Study Shows Gen-Xers Fear Bleak Retirement

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Majority Not Saving, Only 29% Have a Plan, 34% Admit Failing to Prepare, Scant 11% Very Confident Lifestyle Will Be Retained In Retirement

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Planning for retirement has become a social taboo that many avoid discussing.

An overwhelming majority of Americans aged 29 to 49 are worried about their prospects for retirement, yet they have not begun to save or plan for it, according to a nationwide special new study released today by retirement planning website and conducted by the independent Siena College Research Institute (SRI).

Only about one in ten so-called Generation-Xers is very confident of being be able to maintain their current standard of living when they retire, and 82 percent cannot say they are well along their path to planning a successful retirement, the study revealed.

“This group admits having its head in the sand about planning for the future,” said Tim Harrington, CEO of, an independent, online consumer destination providing unbiased retirement planning information. “They’re struggling to make ends meet and they don’t know where to turn for retirement advice. Planning for retirement has become a social taboo that many avoid discussing. Our objective is to give our members the tools they need to sweep away the sand, and take control now.”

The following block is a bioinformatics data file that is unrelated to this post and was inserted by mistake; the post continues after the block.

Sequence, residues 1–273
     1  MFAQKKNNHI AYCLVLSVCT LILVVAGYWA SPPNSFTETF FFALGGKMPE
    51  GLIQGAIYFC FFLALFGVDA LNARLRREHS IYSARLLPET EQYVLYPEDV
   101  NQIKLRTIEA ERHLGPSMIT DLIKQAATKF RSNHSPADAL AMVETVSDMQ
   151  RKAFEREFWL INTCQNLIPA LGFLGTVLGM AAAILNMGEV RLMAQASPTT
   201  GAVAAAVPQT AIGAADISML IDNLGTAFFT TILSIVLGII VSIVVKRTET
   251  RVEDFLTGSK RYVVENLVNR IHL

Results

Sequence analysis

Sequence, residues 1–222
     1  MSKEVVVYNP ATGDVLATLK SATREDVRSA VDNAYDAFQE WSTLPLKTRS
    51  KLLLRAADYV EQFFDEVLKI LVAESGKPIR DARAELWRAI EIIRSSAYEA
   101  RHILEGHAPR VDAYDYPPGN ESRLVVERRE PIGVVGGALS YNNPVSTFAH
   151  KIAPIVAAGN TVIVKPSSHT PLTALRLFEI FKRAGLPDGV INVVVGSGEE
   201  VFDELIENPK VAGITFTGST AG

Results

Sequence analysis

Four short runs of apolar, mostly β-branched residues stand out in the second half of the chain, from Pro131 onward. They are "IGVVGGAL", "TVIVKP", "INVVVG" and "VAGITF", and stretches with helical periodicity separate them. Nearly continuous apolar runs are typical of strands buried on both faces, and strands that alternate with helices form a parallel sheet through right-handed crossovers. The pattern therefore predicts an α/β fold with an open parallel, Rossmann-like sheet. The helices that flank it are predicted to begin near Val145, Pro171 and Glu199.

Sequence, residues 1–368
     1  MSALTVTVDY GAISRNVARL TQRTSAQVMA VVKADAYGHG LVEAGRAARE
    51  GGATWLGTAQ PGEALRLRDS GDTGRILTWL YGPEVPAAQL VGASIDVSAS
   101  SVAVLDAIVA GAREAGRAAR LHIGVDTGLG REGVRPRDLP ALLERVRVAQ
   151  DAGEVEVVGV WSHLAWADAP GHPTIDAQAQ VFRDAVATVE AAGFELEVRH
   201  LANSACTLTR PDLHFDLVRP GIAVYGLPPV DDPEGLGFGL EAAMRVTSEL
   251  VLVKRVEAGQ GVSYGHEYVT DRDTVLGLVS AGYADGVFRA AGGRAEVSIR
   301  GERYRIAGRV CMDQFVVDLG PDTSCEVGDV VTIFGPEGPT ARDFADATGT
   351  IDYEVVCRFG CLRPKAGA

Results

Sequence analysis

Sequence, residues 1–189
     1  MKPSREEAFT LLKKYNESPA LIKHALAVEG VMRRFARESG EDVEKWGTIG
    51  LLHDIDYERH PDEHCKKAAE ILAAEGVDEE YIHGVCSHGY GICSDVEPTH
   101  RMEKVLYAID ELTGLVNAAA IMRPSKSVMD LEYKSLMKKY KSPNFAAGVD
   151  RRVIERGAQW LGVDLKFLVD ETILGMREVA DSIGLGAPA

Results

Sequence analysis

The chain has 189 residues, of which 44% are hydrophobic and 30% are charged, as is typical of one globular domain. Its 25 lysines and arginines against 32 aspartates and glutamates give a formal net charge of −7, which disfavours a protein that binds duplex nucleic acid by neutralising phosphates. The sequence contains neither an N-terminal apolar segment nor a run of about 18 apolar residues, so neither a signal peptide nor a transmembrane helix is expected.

71% of GenX respondents believe Social Security Bankruptcy Likely

The eRollover Study revealed that over the past six months, just 41 percent put aside any money beyond what their employer may have contributed to a retirement plan, fewer than half have a 401(k), and only 19 percent meet regularly with a financial advisor. Further, seventy–one percent agree (38 percent strongly) that unless something is done, Social Security could be bankrupt within the next 20 to 25 years.

“At the same time, their goals for retirement are lofty,” added Harrington. “Like the generation before them, they want to be able to relax, travel, engage in their life passions, move to warmer climates, and help their families. Despite tough economic times, and the current lack of preparation, hope is not lost. Those that are not confident and haven’t adequately prepared can catch up. This data clearly demonstrates the importance of the resources provides.”

The study, conducted for by the Siena College Research Institute, polled a representative sample of 1006 U.S. residents between the ages of 29 and 49 extensively about their financial situation, savings, investments, retirement expectations, and plans to achieve their goals.

41% Believe Standard of Living in Retirement Worse than Predecessors

“With only one of every seven Gen-Xers currently having an income that exceeds their expenses, and over four of every ten saying they are worse off financially today than they were a year ago, no wonder they are worried about retirement,” said Dr. Don Levy, SRI’s Director. “Forty-one percent of these Americans predict that their quality of life in retirement will be worse than that of those that retired 15 to 20 years ago.”
While 71 percent believe Social Security must be fixed to survive, and 67 percent of these Americans plan to count on those payments as at least a minor source of retirement income, Gen-Xers are divided on what should be done.